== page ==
People often wonder why we don’t have more young leaders and advocates standing up from within our community. They claim the community, and young people in particular, are disengaged and disinterested in politics and activism. Yet do these people really do anything to encourage and cultivate our young leaders? Sadly, many times the answer is no. Instead they seem to want to attack them and put them “back in their place.”
When you put yourself in the public eye, you expect your enemies to attack you. What you don’t expect, and maybe this is just my naivety showing, is to be attacked by some in the community that you are working so hard to stand up for. Instead of offering advice or support, they seem dead-set on tearing down those that try to simply get more involved. It is hard enough for a young person to get the respect from others without this internal back-biting. It is discouraging and disheartening, making it that much more difficult for not only that young person, but for others that may be watching and trying to decide if they too want to get involved.
An example of this came to light recently in an editorial published in a South Florida gay newspaper, The Express Gay News. It is sad that the editor of a major gay publication would use his position to attack those in our community who are trying to make a difference. These people are out in the trenches fighting for our rights, not just sitting behind a computer playing "armchair quarterback." Maybe baseless attacks like this editorial are the reason why more new advocates and activists don't come forward. It is bad enough that those that hate us (and make no mistake, they do hate us and everything about our lives) attack these new leaders, but now they must be attacked from within our own community? There are much more constructive ways to help fledgling activists than a public attack like this. Since the editor seems to be an expert in how advocates should act, maybe he should stop trying to bring others down and do something constructive, like offer media training or advice. I guess that would take more effort and involvement than just criticizing others.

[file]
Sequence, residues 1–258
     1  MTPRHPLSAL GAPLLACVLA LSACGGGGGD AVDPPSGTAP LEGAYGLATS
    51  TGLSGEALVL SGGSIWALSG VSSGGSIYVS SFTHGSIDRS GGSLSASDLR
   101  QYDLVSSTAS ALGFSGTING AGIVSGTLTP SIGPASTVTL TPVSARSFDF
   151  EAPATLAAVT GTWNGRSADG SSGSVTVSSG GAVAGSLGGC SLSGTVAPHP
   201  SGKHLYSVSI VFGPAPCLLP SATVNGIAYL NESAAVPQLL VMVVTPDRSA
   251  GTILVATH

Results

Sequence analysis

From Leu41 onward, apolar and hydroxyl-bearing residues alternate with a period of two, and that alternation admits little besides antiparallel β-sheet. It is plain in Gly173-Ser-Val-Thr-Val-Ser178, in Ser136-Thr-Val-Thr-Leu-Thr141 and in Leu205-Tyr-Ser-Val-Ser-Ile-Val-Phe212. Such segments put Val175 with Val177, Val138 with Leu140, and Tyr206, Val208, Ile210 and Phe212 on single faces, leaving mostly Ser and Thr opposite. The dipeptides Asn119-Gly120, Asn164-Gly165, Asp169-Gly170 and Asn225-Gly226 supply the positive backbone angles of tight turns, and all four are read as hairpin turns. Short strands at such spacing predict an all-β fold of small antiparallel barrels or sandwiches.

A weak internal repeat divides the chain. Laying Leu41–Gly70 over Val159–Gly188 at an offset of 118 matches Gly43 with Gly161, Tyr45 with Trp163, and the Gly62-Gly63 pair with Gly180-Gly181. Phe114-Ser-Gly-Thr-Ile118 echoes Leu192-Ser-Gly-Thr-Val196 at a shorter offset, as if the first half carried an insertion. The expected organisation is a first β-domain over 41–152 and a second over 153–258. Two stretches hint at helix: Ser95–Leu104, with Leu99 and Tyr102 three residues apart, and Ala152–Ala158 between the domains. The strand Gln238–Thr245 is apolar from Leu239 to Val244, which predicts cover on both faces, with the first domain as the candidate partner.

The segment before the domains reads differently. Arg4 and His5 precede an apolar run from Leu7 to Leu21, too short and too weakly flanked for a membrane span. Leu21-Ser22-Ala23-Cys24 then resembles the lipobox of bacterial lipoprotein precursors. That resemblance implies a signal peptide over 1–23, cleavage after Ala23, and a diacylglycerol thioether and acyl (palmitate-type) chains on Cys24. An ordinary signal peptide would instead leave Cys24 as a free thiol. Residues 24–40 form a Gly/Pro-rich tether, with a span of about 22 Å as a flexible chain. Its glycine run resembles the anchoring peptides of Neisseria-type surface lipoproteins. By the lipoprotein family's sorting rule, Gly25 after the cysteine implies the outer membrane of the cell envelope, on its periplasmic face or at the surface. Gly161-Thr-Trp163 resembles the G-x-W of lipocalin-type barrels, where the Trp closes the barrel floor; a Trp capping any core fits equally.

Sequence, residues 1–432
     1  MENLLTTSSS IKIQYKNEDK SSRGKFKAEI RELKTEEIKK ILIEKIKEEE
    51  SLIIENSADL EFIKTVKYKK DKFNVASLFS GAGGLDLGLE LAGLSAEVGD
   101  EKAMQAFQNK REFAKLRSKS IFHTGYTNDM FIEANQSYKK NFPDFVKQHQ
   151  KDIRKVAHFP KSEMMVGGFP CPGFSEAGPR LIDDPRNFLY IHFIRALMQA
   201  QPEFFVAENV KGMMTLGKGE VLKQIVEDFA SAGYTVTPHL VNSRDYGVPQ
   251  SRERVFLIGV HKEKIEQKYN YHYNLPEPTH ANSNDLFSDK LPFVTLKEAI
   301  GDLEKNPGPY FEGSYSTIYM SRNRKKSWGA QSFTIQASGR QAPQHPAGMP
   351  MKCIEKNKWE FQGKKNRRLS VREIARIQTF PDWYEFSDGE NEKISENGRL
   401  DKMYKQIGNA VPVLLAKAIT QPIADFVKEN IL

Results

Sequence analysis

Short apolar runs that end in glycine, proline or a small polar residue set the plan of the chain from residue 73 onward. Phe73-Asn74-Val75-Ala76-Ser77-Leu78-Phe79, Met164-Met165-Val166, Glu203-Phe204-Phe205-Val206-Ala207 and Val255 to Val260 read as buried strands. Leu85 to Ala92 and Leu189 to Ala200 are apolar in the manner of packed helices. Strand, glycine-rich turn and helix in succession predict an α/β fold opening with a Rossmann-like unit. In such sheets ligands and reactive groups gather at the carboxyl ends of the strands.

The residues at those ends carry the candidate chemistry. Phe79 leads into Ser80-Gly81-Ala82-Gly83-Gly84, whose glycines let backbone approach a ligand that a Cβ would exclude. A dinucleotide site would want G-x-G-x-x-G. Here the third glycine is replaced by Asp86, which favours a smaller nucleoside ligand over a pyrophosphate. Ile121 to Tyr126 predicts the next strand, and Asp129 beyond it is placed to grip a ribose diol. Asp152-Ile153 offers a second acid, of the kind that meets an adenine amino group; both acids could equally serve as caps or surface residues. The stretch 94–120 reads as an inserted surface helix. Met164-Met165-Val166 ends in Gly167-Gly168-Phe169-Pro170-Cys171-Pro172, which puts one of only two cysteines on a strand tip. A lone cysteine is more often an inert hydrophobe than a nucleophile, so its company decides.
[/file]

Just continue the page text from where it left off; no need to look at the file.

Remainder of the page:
As someone who has recently been pushed to the forefront of activism here in South Florida, I can say first hand that some from within our own community are the harshest critics I’ve had to face. I am by no means a trained, experienced political strategist. I am just a young person who got sick of seeing what was happening to the LGBT community and decided to try to step up and do the right thing. It has been a trial by fire, but something that has hopefully made a difference in the lives of people in our community.
We must stop the baseless attacks on the next generation of leaders. While we may not be perfect and are still gaining experience, we have the heart and the determination to make a real difference. Maybe instead of just blindly criticizing, we should be cultivating and supporting these people. Our community needs to come together and get behind these young fighters, not attack them. By doing so, maybe we can inspire a whole new generation of activists, something our movement desperately needs.